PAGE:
Ms. Moore testified that at that point, she "grabbed a broom and [ ] went outside to sweep the sidewalk, [ ] made it to about the Bank of America ATM machine, [when she] heard a gunshot." She later identified all individuals involved through a photo array.

Dr. Patricia Aronica was the medical examiner who performed Mr. Wroblewski's autopsy. She testified that Mr. Wroblewski had "an entrance gunshot wound

to the abdomen and there were also some additional injuries which were multiple abrasions which are like scrapes and scratches where the top layer of the skin comes off and then some bruising were also noted." She assigned the cause of death as the gunshot wound

and the manner of death as homicide. Dr. Aronica described how the gunshot wound killed him:

[THE STATE]: And what type of wound

would you have considered this as far as—would it have been considered a rapidly fatal wound or not so rapid, how would you describe this wound ?

[DR. ARONICA]: Well, this is a fatal wound but because it hit—the bullet hit all these veins, it's a slower bleeding wound then say if it hit arteries. It's going to bleed slower, it's also going to cause intestinal contents to come out into the abdomen so it has great potential for infection, if they were able to stop all of the bleeding, but there was massive amount of blood loss but it would be slower and very difficult because of all the injuries that it did create to the veins.

She opined that there was "no evidence of close range firing" and that "[t]he level of alcohol had no effect on [Mr. Wroblewski's] death."

Tivontre Gatling-Mouzon,1 who pled guilty to conspiracy to commit armed robbery for his involvement in the killing of Mr. Wroblewski, testified on behalf of the State. Mr. Mouzon is Ms. Hayes's son. He testified that Ms. Hayes picked him and Mr. Winston up in Richmond, Virginia to drive to Baltimore to pick up his younger sister, Tiana Witherspoon, who was living there with her father. They stopped that night at Royal Farms to get gas after picking up Ms. Witherspoon.

Mr. Mouzon testified that Mr. Winston and Ms. Hayes went into the store while he sat in the car with his sister. While they waited, Mr. Winston came back to the car and "reached down by [his] leg." Mr. Winston asked Mr. Mouzon "to come with him around the corner ...." Mr. Mouzon followed Mr. Winston and saw him "conversating with the victim, arguing ...." He described this encounter as "a confrontation." Then Mr. Winston approached Mr. Wroblewski, and Mr. Mouzon "s[aw] the gun[ ]" in Mr. Winston's hand. After more confrontation, he began to head back to the car, but before he got in he "heard a shot." By then, Mr. Winston "was already coming to the passenger side to get in." They all left the area and went back to Richmond.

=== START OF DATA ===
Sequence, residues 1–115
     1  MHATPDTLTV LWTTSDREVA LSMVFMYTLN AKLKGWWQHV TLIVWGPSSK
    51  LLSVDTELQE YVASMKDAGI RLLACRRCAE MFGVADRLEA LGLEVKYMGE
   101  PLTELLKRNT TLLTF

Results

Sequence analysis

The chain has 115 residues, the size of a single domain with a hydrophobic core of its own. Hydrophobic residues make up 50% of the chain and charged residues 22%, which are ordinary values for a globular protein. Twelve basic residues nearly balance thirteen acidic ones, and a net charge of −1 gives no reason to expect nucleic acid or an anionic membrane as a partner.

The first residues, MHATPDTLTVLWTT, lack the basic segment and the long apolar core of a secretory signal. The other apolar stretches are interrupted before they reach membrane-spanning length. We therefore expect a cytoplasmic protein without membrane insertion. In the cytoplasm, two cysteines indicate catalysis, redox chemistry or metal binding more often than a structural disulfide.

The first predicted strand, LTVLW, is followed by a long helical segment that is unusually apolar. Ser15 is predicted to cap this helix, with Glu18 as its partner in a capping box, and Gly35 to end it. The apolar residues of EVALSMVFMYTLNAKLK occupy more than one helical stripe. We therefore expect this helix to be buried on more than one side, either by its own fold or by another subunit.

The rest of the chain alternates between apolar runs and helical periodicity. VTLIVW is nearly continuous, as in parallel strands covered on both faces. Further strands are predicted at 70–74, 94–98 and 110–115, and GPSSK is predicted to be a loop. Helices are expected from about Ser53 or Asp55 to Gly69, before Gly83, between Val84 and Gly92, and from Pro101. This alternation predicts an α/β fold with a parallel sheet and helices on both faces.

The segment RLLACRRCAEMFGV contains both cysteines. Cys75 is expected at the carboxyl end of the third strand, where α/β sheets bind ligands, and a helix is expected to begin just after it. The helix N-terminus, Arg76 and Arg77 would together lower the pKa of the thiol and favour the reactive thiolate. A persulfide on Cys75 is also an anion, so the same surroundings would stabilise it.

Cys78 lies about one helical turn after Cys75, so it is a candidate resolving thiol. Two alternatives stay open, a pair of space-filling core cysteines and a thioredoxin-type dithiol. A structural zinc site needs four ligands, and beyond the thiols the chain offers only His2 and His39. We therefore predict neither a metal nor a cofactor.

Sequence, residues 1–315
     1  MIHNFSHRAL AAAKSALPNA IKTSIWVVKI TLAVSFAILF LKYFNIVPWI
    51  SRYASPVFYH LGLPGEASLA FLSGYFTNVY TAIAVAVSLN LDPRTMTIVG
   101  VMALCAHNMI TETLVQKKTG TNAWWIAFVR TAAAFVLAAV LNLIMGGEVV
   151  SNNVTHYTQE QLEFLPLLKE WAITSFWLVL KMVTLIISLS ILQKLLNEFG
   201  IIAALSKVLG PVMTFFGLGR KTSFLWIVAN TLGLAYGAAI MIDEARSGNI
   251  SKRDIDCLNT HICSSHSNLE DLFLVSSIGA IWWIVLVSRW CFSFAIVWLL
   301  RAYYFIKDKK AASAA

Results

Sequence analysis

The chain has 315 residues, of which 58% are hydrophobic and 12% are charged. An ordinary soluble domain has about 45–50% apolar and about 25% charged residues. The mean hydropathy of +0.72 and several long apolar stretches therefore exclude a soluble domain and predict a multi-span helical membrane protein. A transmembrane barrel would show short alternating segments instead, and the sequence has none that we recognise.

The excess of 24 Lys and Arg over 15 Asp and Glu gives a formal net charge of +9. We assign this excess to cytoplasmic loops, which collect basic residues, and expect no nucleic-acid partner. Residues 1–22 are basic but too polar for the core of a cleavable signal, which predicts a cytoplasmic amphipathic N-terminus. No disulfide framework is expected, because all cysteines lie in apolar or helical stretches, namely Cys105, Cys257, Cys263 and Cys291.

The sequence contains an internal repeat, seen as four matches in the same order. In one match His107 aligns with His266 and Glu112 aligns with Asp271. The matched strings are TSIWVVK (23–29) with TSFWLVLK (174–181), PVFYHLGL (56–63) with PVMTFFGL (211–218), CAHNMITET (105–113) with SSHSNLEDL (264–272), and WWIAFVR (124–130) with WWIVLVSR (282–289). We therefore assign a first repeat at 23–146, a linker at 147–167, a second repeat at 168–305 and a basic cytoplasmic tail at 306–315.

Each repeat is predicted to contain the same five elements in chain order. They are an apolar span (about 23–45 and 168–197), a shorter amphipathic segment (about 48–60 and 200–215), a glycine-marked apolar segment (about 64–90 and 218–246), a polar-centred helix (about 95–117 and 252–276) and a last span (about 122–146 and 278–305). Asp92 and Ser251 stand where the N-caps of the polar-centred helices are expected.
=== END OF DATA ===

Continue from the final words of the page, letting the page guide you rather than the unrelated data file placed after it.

Detective Jonathan Riker was the homicide detective assigned to the case. He testified that he put the Royal Farms surveillance video on social media to try to locate the individuals responsible for killing Mr. Wroblewski. Through social media, Detective Riker was able to identify the woman as Ms. Hayes. He then reached out to Ms. Witherspoon's father, Steven Witherspoon. Mr. Witherspoon identified Mr. Winston as the male in the video and he also was able to identify Mr. Mouzon. Detective Riker located Mr. Mouzon in Richmond. The Detective put Ms. Hayes's vehicle information in the National Crime Information Center database and was able to locate her and Mr. Winston in Atlanta, Georgia; Officer Justin Hartsfield, a police officer in Atlanta, pulled Ms. Hayes over in her vehicle in response to a "Be On The Lookout" ("BOLO") alert identifying her as "armed and dangerous." The Atlanta Police then contacted Detective Riker, who along with Detective Dave Moynihan, flew to Atlanta to interview Ms. Hayes and Mr. Winston. No gun was ever recovered.

Mr. Winston testified in his own defense. He testified that on the evening of November 14, 2017, Ms. Hayes drove up from Atlanta, where she was living, and picked him up to drive to Baltimore to "pick up her daughter." According to Mr. Winston, they did not intend to stay the night in Baltimore and planned to travel immediately back to Richmond after picking up Ms. Witherspoon. He testified that before and while heading to Baltimore, he had been drinking vodka and beer, had used cocaine and marijuana, and was intoxicated.

Mr. Winston testified that after they picked up Ms. Witherspoon, they stopped at Royal Farms. When they approached the store, he saw "Mr. Wroblewski coming out the store, [and] witnessed [Mr. Wroblewski] hock spit in [Ms. Hayes's] direction." This made him feel "disrespected." He said that he did not immediately...